British Prime Minister Tony Blair confronts perhaps the most awkward moment in his tenure Thursday when he faces a public inquiry set up to investigate the death of a British scientist at the center of allegations that the government exaggerated the case for war against Iraq.
Mr. Blair can expect to be grilled on his role in theaffair, which started in May with a British Broadcasting Corporation report accusing his government of overstating the threat posed by Saddam Hussein's arsenal, and ended two months later with a civil servant committing suicide.
Blair is the highest-profile figure yet to testify in an extraordinary saga that goes to the heart of his motives for war and that has reflected poorly on just about everyone involved - from BBC journalists to government spin doctors, defense-ministry mandarins, and at least one cabinet minister.
For Blair, Britain's longest-serving Labour prime minister with almost 6-1/2 years of service, the appearance marks the start of what many expect to be a difficult new political season. While experts expect Blair to pull through the inquiry relatively unscathed, his domestic agenda is in danger of being totally eclipsed by the affair.
Public opinion has turned on Blair, particularly as no weapons of mass destruction have been found in Iraq since the war ended. A recent poll found 61 percent of people believed the BBC claims that the case for war was hyped up.
"Public opinion doesn't trust Blair," says David Baker, a lecturer in politics at Warwick University, adding that the affair has undermined his efforts to move ahead with other controversial policies, such as holding a referendum on adopting the euro. Momentum on a euro vote has stalled, he adds, because "no one trusts anyone [in government] any more."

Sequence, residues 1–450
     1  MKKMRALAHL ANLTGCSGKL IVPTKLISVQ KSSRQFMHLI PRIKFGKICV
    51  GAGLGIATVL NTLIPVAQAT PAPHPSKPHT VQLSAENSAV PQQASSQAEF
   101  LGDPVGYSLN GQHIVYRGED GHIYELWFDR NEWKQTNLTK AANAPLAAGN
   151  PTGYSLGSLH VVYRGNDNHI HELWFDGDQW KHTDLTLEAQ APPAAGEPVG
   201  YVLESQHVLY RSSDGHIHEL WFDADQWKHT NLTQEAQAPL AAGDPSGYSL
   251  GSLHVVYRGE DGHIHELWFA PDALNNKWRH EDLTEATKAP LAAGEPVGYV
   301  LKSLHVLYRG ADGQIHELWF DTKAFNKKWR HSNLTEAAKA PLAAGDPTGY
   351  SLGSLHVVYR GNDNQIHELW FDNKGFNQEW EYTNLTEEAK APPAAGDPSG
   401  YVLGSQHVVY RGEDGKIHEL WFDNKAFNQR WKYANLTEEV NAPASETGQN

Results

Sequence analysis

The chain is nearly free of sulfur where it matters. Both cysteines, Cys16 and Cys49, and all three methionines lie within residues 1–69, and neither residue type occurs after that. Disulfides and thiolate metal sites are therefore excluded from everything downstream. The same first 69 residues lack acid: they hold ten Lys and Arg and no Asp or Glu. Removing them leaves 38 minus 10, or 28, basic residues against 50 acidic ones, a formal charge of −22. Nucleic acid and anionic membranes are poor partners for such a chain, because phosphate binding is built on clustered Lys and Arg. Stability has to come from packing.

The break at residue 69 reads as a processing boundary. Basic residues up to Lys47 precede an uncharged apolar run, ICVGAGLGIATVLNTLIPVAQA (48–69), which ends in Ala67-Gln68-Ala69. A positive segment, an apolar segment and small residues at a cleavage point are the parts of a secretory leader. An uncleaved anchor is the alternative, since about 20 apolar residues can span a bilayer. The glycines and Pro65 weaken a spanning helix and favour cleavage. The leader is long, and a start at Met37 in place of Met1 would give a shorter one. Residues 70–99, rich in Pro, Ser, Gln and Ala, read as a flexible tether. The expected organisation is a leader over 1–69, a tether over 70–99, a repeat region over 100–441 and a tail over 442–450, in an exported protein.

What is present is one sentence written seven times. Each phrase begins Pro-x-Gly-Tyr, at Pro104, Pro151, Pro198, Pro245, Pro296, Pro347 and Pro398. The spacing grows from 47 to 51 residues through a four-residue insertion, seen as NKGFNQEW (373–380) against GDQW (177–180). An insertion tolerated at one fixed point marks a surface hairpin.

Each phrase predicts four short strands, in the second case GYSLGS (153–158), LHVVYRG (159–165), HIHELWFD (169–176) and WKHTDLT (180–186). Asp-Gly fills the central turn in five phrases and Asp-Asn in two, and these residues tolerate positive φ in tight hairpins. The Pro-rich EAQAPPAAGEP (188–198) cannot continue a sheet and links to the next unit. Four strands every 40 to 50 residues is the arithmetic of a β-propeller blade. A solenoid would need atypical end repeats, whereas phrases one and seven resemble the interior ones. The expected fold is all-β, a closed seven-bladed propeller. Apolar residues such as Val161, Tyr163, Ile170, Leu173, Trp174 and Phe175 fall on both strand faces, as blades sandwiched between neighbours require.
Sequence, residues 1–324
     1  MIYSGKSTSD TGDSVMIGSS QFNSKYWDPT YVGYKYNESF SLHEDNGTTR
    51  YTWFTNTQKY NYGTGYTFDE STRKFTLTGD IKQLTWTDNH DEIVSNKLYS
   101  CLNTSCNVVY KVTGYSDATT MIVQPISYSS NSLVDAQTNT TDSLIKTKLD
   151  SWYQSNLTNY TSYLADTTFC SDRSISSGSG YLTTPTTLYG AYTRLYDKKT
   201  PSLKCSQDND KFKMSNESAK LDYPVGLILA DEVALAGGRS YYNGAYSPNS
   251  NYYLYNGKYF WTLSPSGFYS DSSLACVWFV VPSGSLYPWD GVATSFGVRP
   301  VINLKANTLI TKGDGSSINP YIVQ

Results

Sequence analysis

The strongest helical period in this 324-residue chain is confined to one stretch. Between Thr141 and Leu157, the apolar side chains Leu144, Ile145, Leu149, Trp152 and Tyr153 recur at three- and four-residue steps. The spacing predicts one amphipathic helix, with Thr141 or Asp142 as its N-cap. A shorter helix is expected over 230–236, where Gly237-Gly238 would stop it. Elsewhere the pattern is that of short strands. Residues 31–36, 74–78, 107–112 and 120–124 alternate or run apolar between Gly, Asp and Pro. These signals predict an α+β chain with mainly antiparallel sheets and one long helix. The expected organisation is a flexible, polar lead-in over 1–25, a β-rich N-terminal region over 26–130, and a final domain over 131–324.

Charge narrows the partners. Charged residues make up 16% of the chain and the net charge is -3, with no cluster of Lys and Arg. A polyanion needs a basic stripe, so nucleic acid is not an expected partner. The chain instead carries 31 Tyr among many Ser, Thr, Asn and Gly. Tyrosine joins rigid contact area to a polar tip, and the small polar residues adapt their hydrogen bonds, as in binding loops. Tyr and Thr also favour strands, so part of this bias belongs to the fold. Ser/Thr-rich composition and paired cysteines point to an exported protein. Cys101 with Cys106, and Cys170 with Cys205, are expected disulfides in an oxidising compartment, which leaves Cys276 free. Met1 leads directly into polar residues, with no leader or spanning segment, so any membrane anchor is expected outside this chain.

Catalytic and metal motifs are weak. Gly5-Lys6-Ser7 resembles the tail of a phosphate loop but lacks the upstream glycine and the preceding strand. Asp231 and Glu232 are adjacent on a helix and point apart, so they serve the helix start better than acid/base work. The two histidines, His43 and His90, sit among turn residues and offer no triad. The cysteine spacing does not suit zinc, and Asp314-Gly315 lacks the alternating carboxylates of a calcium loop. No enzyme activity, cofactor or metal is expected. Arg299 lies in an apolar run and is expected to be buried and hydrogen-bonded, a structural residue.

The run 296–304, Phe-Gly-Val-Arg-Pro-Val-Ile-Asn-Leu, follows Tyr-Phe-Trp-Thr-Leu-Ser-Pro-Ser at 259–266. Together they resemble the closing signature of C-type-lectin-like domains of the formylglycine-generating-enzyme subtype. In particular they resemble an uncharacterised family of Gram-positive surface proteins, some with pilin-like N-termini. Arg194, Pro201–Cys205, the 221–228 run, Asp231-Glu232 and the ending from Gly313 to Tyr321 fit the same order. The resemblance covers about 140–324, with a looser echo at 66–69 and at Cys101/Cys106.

The inquiry was set up by Blair himself and run by leading judge, Lord Hutton, to get to the bottom of the July 17 death of Dr. David Kelly, an expert in Iraq's weapons of mass destruction (WMD) programs.
Dr. Kelly committed suicide just a week after he was exposed by government officials as the source behind an inflammatory BBC report that alleged that Blair's staff had "sexed up" intelligence in a key dossier produced last fall, in order to beef up the case for war against Iraq.
The chief question in the inquiry is whether the government acted honorably and properly in allowing Kelly's name to dribble out to the press, exposing him to the full force of public scrutiny.
Following his exposure he was subjected to a humiliating parliamentary grilling, and days after that he was dead, incapable, his family says, of dealing with the pressure.
The government official suspected of offering the scientist up as sacrificial lamb, Defense Secretary Geoff Hoon, told the inquiry Wednesday that Kelly had been "outed" to avoid charges of a coverup and to set the record straight.
But Lord Hutton will also want to know about Blair's role in Kelly's "outing."